Duke 79, California, Berkeley 70.
Assuming the Devils win, this game should provide a strong indicator of how far they will go. A narrow win over Cal will likely portend a tough time in the Sweet 16, just as that difficult win over Texas in the second round last year foreshadowed our inability to compete with an elite team playing well. The pounding of the SWAC champs in the first round was Duke's most impressive opening win in some time, so that soft indicator came up positive.
Can the Devils continue to play well against a team with three really good players and a great coach? The Berkeley Bears underachieved for the first part of their Pac 10 schedule but then pulled away from the pack. Montgomery authored a win over Duke when he was at Stanford and is a solid operational coach (at the college level). His Bears are capable of beating the Devils, but only if our gang plays a bad game at both ends. That seems unlikely. The Blue Devils showed in the ACC Tournament that they can win tight games even when they suffer one or more late FG droughts. Cal is not a great defensive team by any stretch, so they will need poor play from Duke to go on much of a run. A competent performance by the Devils' supporting cast should be enough to seal a win even if Kyle, Jon and Nolan don't shoot particularly well. If two of the Three S's are filling it up, this could be a "send them a message" win. Let's do it, guys! (And go Boilermakers! We feel your pain so much, we want to comfort you in Houston.)
Duke 77, California, Berkeley 64.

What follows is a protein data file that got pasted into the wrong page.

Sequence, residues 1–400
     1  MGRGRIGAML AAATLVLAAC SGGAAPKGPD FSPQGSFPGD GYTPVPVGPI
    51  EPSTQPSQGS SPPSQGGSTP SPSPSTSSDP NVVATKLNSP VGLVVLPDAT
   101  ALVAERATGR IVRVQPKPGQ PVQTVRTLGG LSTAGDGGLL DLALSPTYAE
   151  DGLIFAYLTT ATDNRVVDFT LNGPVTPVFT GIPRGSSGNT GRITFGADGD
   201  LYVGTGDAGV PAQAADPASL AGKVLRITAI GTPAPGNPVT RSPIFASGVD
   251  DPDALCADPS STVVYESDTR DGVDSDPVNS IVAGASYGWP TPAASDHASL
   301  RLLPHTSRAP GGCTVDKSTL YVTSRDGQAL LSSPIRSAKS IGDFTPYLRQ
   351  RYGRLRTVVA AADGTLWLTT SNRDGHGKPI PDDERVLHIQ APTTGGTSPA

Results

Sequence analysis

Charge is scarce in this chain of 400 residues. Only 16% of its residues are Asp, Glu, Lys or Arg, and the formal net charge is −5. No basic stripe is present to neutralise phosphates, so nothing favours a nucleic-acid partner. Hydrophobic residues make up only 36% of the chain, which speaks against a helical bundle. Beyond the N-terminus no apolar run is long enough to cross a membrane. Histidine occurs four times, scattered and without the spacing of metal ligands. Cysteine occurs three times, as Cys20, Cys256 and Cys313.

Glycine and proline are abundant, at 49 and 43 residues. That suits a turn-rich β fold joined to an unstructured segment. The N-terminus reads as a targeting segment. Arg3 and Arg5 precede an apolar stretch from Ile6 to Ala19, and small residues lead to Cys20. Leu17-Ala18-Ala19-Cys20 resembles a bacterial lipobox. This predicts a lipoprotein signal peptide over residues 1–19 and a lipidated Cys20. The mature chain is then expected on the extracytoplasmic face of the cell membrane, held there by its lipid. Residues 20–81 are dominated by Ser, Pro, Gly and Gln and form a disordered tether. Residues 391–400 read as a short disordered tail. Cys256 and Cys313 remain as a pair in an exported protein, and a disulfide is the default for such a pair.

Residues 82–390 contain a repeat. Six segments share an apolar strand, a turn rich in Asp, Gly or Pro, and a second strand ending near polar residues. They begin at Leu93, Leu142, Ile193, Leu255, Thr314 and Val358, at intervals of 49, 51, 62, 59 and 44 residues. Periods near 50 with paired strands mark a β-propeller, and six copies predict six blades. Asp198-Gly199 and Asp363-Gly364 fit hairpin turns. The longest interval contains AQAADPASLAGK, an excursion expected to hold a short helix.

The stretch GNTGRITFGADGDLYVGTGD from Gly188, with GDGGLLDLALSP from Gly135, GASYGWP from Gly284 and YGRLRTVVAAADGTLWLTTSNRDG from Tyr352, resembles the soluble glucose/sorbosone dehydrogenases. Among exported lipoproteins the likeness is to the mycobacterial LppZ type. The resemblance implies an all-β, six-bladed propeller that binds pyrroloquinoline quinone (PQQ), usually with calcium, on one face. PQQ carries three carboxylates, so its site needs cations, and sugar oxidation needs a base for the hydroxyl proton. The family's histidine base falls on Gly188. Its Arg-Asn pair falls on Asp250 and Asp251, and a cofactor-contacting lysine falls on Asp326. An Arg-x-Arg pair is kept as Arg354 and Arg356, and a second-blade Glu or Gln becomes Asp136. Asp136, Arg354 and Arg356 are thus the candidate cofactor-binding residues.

(4BL) CONNECTICUT (18-15, 7-11 Big East) @ (1BL) VIRGINIA TECH (24-8, 10-6)
In this matchup, sponsored by Build-A-Bear, two adorable, cuddly coaches square off to see who can be the first one to have a full mental breakdown on national television - - or at least ESPNU or ESPN de Pornes or the Colin Cowherd Network or whatever channel this one’s on. Given the presence of Bristol’s house squad, you have to assume the presence of some PBP shill like bloodless technocrat Dan Shulman, who will be shouting to be heard over the din of an inconveniently scheduled basketball game occurring in the background. The human interest stories about Calgoon will flow like rivers of sewage. The analyst, whoever it might be, will laud the Bald Bastard of Blacksburg’s career achievements as if he casually turned water into wine on several occasions just last week, and Connvicticut’s two national tiles (both on loan from the hypothetical permanent collection of Duke University Athletics) will be ooooohed and ahhhhed. Meanwhile, ESPN will cut away to the collegiate wrestling championships - - and no one will be able to tell the difference. This is one of those wonderful games where someone - - or . . . inthiscaseSpock, some . . . THING [/Shatner] has to lose. Yay!